January 13, 2016 - 10:35 am
This has got to be the coolest job in the world.
NASA has set up a Planetary Defense Coordination Office — to defend the Earth from asteroids and comets that get too close for our comfort.
The department, which includes the position of Planetary Defense Officer, is managed by the Planetary Science Division of the Science Mission Directorate at NASA Headquarters in Washington DC. And its mission includes the early detection of potentially hazardous objects (PHOs) — asteroids and comets which get within 0.05 Astronomical Units of Earth (150 million kilometers) and are large enough, greater than around 30 – 50 meters (98 – 164 feet), to reach the Earth’s surface.
They must also track and issue warnings on the minor planets, or even try to redirect them. If it’s too late and space rubble is found hurtling towards the Earth’s surface, the team will coordinate with the U.S. government to plan a response to an actual impact threat.
Asteroids and comets are debris left over from the early formation of our solar system about 4.6 billion years ago. Rocky asteroids vary in size and are mainly found orbiting the sun between Mars and Jupiter. This area, known as the asteroid belt, is estimated to contain between 1.1 and 1.9 million asteroids larger than 1 kilometer (0.6 miles) in diameter, and millions of smaller ones.
Jupiter’s massive gravity and occasional close encounters with Mars or any other object change the asteroids’ orbits, knocking them out of the main belt and causing them to slam into Earth and other planets in the past.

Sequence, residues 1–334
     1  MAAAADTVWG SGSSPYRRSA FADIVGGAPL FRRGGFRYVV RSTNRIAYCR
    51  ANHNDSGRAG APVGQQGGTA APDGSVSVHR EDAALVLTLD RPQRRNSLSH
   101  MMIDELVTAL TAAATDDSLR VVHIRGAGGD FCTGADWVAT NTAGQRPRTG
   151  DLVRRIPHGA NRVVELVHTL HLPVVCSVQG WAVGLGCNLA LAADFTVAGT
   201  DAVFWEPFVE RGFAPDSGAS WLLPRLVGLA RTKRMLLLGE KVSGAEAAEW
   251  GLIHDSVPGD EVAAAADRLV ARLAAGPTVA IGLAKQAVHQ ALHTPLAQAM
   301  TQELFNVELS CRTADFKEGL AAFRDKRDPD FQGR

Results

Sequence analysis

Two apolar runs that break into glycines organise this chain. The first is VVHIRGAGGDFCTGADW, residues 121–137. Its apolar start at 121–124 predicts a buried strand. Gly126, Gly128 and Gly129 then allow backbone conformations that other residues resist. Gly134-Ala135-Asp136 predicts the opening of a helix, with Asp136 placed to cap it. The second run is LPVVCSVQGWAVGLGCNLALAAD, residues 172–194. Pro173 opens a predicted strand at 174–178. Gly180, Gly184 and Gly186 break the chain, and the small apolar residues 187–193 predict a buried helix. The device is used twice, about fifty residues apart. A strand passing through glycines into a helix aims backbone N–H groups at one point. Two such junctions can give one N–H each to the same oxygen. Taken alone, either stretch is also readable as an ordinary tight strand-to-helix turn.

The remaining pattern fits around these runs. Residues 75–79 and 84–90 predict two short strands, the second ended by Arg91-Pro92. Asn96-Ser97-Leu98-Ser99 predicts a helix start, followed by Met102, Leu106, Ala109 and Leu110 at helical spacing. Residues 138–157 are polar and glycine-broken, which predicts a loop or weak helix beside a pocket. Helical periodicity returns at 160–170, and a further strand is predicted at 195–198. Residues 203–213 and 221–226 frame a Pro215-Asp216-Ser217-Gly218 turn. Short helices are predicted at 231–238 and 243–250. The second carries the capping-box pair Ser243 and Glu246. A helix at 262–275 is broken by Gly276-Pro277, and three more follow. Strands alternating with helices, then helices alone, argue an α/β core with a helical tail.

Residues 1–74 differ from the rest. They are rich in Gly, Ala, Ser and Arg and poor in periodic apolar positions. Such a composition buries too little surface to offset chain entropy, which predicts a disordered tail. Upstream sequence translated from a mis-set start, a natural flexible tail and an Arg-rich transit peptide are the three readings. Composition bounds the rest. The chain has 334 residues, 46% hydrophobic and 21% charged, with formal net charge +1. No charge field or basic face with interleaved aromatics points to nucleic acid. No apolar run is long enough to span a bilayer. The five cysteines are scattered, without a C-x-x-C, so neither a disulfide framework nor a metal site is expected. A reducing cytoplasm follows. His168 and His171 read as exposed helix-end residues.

Dark comets are icy objects that exist beyond Nepture, orbiting the sun near Pluto. They are sometimes pushed by gravity into orbits that bring them closer to the sun, at which point they become what are known as short-period comets.
Astronomers detect near-Earth objects (NEOs) using ground-based telescopes around the world as well as NASA’s space-based NEOWISE infrared telescope.
So how imminent is the danger of near-Earth objects?
More than 13,500 NEOs have been discovered to date and about 1,500 are detected each year.
“Asteroid detection, tracking and defense of our planet is something that NASA, its interagency partners, and the global community take very seriously,” said John Grunsfeld, associate administrator for NASA’s Science Mission Directorate in Washington.
“While there are no known impact threats at this time, the 2013 Chelyabinsk super-fireball and the recent ‘Halloween Asteroid’ close approach remind us of why we need to remain vigilant and keep our eyes to the sky.”
But it’s not all bad news.
Asteroids that venture too close to the Earth’s surface also have their benefits. In future, they can be exploited for raw materials used in developing space structures or generating the rocket fuel required to explore the solar system.